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'Sugarpova' will help sweeten Maria's life after playing career


Maria Sharapova is fully focused on Wimbledon this week

Maria Sharapova is fully focused on Wimbledon this week


Maria Sharapova is fully focused on Wimbledon this week

Maria Sharapova hopes that retirement is still a long way off but when she does finally put her racquets away she knows what will occupy most of her time.

The 2004 Wimbledon champion expects that Sugarpova, the confectionery business she set up four years ago, "will be my main job" when she swaps tennis dresses for business suits.

The 28-year-old Russian has been the highest-earning sportswoman in the world for 10 years now.

The latest annual Forbes magazine list of the world's top earners estimated her annual income at $24.4m (€21.8m) - and she has a number of deals outside tennis but has decided that she wants to focus her future business activity on Sugarpova.

Like a number of other leading women players Sharapova has also dipped into the fashion industry, but she no longer helps design clothes for Cole Haan, although she still has a deal with Nike.

In 2011, she extended her sponsorship agreement with the company by eight years for a reported $70m (€62m).

The world No 4 still has endorsement deals with a number of high-profile companies - Nike, Head, Evian, Tag-Heuer, Samsung, Porsche, Avon and Supergoop - but Sugarpova is the business on which she expends most of her creative business energy.

It is very much her own project. She spent an initial $500,000 (€450,000) of her own money setting up Sugarpova - the name was suggested by Jeff Rubin, a business insider - and the company has been a huge success.

The business has sold more than five million bags of sweets in 30 countries.

Japan, the United States, South Korea, France, Canada and Russia are the most successful markets.

It is hoped that a pop-up shop in Wimbledon will help to boost sales in Britain.

Between tennis tournaments the business takes up a lot of Sharapova's time. "I usually like to be the creative initiator in the brand," she said.

"I think of concepts and I bring them to the team and let them execute it - whether it's a pop-up shop, whether it's about a new candy we're developing or a new graphic.

"So things like that I'm always brain-storming and that's always in the works."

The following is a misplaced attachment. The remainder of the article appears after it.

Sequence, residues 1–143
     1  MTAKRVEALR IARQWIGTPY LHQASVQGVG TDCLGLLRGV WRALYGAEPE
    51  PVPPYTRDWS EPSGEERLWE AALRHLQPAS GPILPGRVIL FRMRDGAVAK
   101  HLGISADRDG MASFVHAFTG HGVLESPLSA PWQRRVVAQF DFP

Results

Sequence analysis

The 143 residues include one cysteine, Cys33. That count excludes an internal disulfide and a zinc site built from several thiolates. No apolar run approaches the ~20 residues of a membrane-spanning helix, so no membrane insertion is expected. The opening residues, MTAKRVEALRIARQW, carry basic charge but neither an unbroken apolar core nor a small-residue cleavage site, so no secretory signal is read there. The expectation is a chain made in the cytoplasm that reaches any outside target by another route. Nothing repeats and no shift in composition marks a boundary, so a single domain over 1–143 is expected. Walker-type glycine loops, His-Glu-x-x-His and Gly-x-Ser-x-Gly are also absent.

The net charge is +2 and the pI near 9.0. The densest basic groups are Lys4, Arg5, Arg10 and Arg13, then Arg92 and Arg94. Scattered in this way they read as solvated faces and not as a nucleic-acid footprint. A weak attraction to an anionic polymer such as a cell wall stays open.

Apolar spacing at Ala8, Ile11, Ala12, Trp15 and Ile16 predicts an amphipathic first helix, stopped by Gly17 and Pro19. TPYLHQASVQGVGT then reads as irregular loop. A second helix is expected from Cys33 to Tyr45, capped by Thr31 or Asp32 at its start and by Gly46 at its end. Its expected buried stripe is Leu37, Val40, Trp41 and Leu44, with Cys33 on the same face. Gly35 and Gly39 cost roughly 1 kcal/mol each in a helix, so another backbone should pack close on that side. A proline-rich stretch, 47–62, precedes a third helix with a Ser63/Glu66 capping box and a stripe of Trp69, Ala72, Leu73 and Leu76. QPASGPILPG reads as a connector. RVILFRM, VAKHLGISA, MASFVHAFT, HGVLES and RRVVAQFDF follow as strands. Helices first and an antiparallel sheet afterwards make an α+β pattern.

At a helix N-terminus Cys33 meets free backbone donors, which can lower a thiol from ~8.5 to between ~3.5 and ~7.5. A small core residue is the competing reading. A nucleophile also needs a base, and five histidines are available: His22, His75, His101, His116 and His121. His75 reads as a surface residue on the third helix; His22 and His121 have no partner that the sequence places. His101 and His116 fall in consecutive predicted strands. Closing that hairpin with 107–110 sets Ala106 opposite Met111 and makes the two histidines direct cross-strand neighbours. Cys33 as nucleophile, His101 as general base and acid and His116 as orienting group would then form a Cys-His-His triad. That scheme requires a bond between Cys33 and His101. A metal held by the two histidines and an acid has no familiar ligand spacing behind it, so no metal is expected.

While Sharapova hopes that her business will eventually branch into fashion, she does not envisage being able to spend much more time on Sugarpova for a good while yet.

"I feel like it's a long way away," she said when asked if she had thought about retirement.

When she does eventually quit, what does she think will be the deciding factor?

"I'm not sure. I don't know. Maybe I'll find out. But I don't think it will be because I don't want to play any more. I hope not."

For the moment Sharapova's focus is her 13th consecutive Wimbledon.

While she is always regarded as a major contender there, her recent record has not been particularly impressive.

Since 2006 she has gone beyond the fourth round only once, when she lost to Petra Kvitova in the 2011 final.

In recent years Sharapova has enjoyed more success at the French Open, having won the title there in 2012 and 2014 and finished runner-up in 2013.

However she lost to Lucie Safarova in the fourth round this year after suffering with a cough and cold throughout the tournament.

Sharapova, who opens her campaign on Centre Court today against Britain's Johanna Konta, had hoped to play a warm-up tournament on grass before Wimbledon but instead returned to California to have tests because she had been so concerned about her health in Paris.

"It took a little while for me to really refresh and recover and give myself just a chance to feel good again and get back to work," she said.

"I needed to do a few things back in California for my health. I came here as soon as I got the green light to start the training. It's been a really good 10 days."

She added: "It was great to be able to be on the court and not have to cough or blow my nose a hundred times."

Independent News Service